CLEVELAND — Women in Ohio who need advanced breast cancer screenings could soon have them covered, if House Bill 371 is passed by lawmakers.
Under the bipartisan bill, sponsored by Ohio House Reps. Jean Schmidt and Sedrick Denson, a more detailed letter would be sent to women with dense breast tissue and their increased risk for cancer, requiring commercial insurance plans and medicaid to cover the cost of breast cancer screenings while removing the age barrier.
"In Ohio some plans, it's 40 to 75 [years old]. Other plans, it's 50 to 65. Some as every year or some as every two years. We have no age barrier, so there's no fence around who can get a mammography," said Schmidt.
House Bill 371 would also extend mammography coverage to include advanced screening technology, like tomosynthesis, and mandate insurance cover the cost for supplemental screening for women who have dense breast tissue or elevated risk of breast cancer.
"We're going to get this passed so that when you need that next step, it doesn't...the cost of it isn't a barrier to you getting the best health that you can have for you, your family and Ohio," Schmidt said. "This isn't a partisan issue. This is an issue that is right for Ohio to keep our women healthy and strong."
The bill was inspired by Michele Young, from Cincinnati. She's an attorney, wife, sister and mother of five and with no family history of breast cancer.
"I went to a women's health service. I had mammograms. I was told I was low risk," Young said.
Then in 2018, she felt something in her breast. Young had a mammogram and it revealed a suspicious mass. The next step was an MRI. That's when doctors found a tumor. But this tumor was twice as large than they thought.
"And I said, "how did this happen?" Young recalled. "I thought I was taking care of myself. I was told because I have dense breast that this happens all the time." Young said doctors told her trying to find breast cancer in a dense breasts is like trying to find a snowflake in a snowstorm. She said if doctors in Ohio were using newer mammogram technology, like tomosynthesis, which produces a 3D image of the breast, as part of her regular screening process, her cancer could have been detected sooner.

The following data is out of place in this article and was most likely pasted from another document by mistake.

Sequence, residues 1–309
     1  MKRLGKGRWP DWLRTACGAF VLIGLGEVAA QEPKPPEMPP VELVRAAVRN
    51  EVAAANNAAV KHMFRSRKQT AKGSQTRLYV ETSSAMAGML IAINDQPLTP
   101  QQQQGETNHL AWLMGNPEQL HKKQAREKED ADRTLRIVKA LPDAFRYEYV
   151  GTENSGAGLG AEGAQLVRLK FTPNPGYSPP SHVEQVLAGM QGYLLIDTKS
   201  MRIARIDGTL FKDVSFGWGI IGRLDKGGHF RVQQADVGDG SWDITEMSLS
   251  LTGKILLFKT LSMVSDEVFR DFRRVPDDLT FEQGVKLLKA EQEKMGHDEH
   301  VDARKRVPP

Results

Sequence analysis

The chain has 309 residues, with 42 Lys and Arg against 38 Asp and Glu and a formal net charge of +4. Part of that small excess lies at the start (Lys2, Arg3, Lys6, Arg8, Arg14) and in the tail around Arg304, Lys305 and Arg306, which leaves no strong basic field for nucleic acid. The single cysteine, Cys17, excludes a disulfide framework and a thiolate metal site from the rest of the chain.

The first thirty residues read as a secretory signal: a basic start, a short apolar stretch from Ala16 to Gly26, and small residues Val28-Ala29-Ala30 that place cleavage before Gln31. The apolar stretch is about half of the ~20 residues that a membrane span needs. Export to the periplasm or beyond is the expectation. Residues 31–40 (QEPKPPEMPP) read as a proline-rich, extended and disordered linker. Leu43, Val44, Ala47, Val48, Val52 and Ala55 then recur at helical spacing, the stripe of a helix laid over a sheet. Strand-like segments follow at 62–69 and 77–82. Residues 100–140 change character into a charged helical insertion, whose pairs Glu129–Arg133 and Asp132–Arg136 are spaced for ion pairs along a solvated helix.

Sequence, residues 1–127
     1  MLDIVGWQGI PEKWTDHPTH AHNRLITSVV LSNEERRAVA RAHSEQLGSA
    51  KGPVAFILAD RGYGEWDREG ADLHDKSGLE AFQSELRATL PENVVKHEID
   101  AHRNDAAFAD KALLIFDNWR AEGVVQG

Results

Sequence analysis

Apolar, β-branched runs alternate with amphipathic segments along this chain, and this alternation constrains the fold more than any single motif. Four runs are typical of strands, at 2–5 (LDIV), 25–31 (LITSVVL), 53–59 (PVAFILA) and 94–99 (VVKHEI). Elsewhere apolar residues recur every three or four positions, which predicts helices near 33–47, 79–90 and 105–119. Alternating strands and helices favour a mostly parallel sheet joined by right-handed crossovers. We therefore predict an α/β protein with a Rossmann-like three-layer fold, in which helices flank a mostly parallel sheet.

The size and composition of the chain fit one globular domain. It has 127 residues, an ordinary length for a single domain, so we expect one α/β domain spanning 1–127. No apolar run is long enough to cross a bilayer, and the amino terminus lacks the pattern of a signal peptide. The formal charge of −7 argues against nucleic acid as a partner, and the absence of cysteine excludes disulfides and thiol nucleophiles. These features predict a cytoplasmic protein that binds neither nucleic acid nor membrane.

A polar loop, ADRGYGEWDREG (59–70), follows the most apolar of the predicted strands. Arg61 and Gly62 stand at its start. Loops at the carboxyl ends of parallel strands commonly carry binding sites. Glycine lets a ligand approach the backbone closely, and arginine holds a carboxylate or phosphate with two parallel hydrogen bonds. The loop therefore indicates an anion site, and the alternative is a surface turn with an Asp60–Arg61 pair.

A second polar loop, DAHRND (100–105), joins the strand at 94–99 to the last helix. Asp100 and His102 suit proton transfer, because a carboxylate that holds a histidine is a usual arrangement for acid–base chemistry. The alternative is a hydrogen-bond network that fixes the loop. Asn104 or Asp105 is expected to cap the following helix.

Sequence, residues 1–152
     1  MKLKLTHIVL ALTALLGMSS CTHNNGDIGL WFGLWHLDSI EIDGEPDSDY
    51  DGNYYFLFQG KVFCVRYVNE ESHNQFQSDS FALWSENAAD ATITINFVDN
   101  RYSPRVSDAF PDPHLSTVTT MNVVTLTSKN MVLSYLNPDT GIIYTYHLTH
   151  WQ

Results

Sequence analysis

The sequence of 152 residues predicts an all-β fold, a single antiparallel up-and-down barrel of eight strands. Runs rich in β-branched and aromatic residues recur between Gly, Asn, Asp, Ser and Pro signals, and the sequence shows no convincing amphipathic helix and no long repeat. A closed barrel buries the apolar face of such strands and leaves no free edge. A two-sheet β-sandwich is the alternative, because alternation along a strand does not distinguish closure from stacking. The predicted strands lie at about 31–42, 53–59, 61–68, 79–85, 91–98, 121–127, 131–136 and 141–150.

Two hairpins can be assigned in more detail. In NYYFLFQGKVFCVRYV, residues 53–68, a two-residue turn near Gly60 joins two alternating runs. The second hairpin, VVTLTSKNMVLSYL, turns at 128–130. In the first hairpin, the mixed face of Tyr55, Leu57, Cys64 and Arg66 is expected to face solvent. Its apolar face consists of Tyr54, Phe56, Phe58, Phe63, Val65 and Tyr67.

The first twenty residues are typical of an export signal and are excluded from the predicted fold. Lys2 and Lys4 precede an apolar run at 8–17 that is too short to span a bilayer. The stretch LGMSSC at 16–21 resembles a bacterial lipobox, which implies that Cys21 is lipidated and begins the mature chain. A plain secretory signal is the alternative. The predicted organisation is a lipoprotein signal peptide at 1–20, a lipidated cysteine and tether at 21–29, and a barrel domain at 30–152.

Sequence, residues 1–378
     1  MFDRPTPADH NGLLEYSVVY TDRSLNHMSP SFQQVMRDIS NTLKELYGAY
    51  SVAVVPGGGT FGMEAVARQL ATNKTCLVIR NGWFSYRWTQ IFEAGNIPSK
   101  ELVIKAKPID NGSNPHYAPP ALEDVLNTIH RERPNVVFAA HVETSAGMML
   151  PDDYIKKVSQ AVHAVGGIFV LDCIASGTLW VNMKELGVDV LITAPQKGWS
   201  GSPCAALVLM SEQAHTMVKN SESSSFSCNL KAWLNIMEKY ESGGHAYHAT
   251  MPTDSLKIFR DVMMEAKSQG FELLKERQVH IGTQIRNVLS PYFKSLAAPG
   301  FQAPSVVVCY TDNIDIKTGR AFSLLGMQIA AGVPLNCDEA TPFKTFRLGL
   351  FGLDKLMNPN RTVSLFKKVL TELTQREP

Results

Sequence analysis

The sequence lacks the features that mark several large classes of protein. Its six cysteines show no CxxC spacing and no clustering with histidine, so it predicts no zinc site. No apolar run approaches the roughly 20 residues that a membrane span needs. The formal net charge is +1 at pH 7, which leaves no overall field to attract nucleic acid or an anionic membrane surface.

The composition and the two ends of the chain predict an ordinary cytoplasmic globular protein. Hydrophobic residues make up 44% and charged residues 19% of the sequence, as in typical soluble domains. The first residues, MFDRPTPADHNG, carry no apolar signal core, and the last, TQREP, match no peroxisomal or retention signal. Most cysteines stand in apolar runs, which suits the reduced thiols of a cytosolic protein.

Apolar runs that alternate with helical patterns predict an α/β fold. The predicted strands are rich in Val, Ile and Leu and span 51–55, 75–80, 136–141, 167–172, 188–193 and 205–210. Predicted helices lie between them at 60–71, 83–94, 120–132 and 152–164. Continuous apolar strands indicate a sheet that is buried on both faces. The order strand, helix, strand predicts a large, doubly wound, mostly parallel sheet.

"The science is there, the medicine is there to allow people to go forward and live, we're just not doing it," Young said.
She took her story to local leaders, and her close friend, Rep. Schmidt. Together the pair, and Rep. Denson, came up with HB 371.
"She took my hand and said, 'You're going to win and we're going to get better detection for breast cancer,'" recalled Rep. Schmidt. "And I promised her that I would."
The trio also reached out to Renee Mahafeey Harris, who works with the Center for Closing the Health Gap in Cincinnati, to help develop and testify this month for the legislation, focusing on racial disparities when it comes to breast cancer.
"While black women aren't representative of a majority of breast cancer cases, the mortality rates for black women are greater per 100,000 people to white women," said Harris. "There are some specific types of cancers, specifically triple-negative cancer that disproportionately impacts black women."
Harris said her organization is seeing is more incidents of people who don't have a family history of breast cancer. Her hope is to save as many lives as possible with House Bill 371.
"This bill will make it easier for someone to get an earlier detection that is ultimately going to have a greater likelihood to save their life," she said. "And so that's what makes this important."
House Bill 371 will undergo a testimony hearing on Thursday. Schmidt said so far she has not heard of anyone planning to speak against it. From there, the bill will head to the House floor for a vote possibly in the next few weeks - then on to the state Senate.